Kevin James, director of higher education for the Jain Family Institute, said that the risk associated with borrowing money to pay for college is an issue that does not get enough attention. “As tuitions have gone up and students are being asked to pay more … that carries with it a lot of risk,” James said. He suggested streamlining income-based repayment and exploring other means of funding college, such as income-share agreements, as ways to address student indebtedness.

NASFAA Vice President for Policy & Federal Relations Megan McClean Coval shared several policy recommendations NASFAA has made in advance of the upcoming reauthorization of the Higher Education Act, including giving institutions and aid administrators the authority to limit loan amounts for certain categories or groups of students, such as part-time students. NASFAA has also recommended simplifying the available student loan repayment programs and giving institutions the authority to require annual financial aid counseling for students.

The forum concluded with a panel comprised of financial aid administrators who shared their experiences of implementing financial literacy strategies on their campuses. Jim Triboli, director of financial aid at Niagara County Community College, said that while many view student loan default rates as a financial aid problem, it is actually an institution problem that needs to be addressed across campus. In an effort to reduce his school’s default rates, Triboli said he hired a student loan clerk who is responsible for reaching out to defaulted borrowers to offer support and assistance, a move that he said has been very successful.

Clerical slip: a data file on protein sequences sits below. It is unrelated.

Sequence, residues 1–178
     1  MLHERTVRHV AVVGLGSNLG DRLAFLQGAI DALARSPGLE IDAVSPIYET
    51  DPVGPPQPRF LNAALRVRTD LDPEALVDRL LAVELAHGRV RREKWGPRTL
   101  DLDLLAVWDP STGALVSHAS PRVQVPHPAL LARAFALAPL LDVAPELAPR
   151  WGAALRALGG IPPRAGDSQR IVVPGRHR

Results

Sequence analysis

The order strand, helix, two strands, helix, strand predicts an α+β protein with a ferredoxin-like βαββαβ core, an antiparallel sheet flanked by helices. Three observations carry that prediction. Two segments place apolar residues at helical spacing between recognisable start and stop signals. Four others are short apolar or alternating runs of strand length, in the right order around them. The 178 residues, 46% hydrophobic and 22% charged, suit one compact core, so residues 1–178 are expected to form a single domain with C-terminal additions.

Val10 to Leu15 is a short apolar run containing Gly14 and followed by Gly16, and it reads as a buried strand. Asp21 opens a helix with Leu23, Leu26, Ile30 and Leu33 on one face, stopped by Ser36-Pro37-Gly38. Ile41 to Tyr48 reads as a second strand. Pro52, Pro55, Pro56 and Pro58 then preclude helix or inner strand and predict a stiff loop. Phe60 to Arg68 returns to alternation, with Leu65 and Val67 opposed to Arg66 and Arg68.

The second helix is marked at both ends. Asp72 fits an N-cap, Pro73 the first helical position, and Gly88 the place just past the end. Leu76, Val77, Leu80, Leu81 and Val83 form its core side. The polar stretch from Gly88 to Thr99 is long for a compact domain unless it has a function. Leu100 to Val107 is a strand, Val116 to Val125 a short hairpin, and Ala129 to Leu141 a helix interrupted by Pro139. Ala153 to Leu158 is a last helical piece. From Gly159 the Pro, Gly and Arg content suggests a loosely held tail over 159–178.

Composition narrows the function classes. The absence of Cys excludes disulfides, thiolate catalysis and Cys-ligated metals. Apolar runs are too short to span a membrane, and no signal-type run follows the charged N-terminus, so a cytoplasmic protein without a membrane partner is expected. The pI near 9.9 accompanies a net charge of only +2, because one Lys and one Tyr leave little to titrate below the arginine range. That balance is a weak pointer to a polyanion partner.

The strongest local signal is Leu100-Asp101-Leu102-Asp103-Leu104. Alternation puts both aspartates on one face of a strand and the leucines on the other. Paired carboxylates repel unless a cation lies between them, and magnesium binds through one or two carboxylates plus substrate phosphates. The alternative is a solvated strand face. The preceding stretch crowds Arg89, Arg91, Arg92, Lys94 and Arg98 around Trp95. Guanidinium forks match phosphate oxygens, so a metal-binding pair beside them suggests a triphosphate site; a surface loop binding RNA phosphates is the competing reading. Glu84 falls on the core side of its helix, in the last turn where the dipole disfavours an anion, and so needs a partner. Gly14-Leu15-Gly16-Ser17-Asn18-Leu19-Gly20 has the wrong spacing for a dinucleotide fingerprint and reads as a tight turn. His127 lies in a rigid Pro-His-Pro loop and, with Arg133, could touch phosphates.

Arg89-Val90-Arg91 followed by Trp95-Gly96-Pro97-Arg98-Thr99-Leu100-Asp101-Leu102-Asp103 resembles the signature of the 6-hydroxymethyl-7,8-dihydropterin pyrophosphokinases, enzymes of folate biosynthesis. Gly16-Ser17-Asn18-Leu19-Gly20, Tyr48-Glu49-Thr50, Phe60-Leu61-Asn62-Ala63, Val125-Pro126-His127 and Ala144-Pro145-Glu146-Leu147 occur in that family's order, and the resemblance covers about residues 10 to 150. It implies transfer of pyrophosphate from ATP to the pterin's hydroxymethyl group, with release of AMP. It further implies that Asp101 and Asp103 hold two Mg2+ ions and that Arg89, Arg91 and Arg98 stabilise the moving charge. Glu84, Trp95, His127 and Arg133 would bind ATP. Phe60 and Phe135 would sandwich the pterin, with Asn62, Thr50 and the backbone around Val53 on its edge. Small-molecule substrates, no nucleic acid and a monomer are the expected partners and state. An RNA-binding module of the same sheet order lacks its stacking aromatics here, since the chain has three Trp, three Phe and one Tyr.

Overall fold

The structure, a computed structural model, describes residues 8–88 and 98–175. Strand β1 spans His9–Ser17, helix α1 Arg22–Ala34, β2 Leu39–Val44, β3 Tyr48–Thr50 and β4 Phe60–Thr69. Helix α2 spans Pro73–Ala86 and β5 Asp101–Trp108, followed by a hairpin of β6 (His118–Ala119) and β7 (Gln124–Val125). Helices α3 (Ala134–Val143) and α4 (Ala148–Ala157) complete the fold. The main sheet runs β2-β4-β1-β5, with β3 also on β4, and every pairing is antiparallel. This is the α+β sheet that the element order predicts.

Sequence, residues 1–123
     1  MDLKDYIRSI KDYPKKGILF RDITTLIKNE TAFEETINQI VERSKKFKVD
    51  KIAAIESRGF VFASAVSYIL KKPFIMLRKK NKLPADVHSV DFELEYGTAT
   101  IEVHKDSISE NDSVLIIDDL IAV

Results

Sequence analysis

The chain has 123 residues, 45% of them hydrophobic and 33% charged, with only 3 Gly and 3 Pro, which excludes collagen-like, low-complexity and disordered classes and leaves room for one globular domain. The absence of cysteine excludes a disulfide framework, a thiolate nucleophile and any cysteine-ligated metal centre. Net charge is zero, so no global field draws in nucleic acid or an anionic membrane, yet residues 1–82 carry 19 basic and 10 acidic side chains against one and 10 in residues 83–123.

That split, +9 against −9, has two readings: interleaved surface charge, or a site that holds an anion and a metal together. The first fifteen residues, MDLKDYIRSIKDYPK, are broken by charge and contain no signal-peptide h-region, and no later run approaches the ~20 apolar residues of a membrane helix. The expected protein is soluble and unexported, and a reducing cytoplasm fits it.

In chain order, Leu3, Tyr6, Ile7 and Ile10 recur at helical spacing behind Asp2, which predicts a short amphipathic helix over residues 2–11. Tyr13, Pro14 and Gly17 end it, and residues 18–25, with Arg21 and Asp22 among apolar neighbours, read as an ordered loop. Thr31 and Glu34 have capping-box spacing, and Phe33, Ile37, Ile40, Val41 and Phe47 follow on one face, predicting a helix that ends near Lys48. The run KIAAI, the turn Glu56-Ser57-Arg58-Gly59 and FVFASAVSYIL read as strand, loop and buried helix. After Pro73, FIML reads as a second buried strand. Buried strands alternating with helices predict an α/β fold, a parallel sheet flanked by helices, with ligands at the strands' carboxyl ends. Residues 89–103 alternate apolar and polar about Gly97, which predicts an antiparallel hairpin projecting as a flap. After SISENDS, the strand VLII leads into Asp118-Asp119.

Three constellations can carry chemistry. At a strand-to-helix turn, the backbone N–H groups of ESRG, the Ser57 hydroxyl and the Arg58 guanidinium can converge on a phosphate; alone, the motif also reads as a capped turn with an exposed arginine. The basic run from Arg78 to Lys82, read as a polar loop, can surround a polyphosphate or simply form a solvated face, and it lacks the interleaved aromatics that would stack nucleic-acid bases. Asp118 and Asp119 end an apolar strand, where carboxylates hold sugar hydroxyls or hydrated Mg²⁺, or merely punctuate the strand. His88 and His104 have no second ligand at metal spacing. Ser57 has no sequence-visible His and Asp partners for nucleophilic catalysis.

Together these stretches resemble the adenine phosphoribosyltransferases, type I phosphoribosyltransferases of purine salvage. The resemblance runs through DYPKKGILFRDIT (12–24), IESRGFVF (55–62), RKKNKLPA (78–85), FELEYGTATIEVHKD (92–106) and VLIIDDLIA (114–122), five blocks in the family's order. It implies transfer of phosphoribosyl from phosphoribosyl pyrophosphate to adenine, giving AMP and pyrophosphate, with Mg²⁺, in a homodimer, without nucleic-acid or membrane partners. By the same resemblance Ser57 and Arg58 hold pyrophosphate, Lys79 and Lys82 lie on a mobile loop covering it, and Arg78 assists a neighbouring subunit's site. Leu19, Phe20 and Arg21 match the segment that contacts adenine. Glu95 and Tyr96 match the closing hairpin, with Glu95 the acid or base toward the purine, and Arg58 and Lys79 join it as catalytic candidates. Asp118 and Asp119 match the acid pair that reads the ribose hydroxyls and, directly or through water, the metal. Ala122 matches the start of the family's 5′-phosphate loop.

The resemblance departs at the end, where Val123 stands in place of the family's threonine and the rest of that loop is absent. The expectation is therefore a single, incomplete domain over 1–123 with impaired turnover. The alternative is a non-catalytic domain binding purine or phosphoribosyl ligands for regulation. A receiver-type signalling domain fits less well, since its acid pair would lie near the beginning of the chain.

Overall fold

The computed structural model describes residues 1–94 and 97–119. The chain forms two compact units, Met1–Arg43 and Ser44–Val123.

Tom Kokis, director of financial literacy at Berkeley College, described several strategies he uses to teach financial literacy to his students, which include hosting discussions during orientation, providing his students with an annual loan statements, and requiring loan counseling for all graduating students who have borrowed. Another panelist, Mildred O’Keefe, director of financial aid at SUNY College at Old Westbury, spoke about the importance of having all campus offices participate in financial literacy efforts and shared some strategies for engaging students in the discussions.

Be sure to check out our Facebook album to see pictures from the event and keep an eye on Today’s News for video of the event.


Publication Date: 5/12/2016

Rick M | 5/12/2016 11:21:38 AM

I was able to lower our default rate from 19.9 to 4.4 by implementing mandatory loan sessions every time a student wanted to process a loan. They had to sign in for the loan session as well as bring a copy of their NSLDS report so they would be aware of who owned their loans, who was servicing their loans, and what amount they had already accumulated. This truly helped them make a decision as to whether they truly needed the additional funds or not. It also helped them see the interest rates, and total amount they had borrowed. The loan sessions were offered throughout the academic year and the information on the sign-in was literally posted throughout campus as well as available electronically.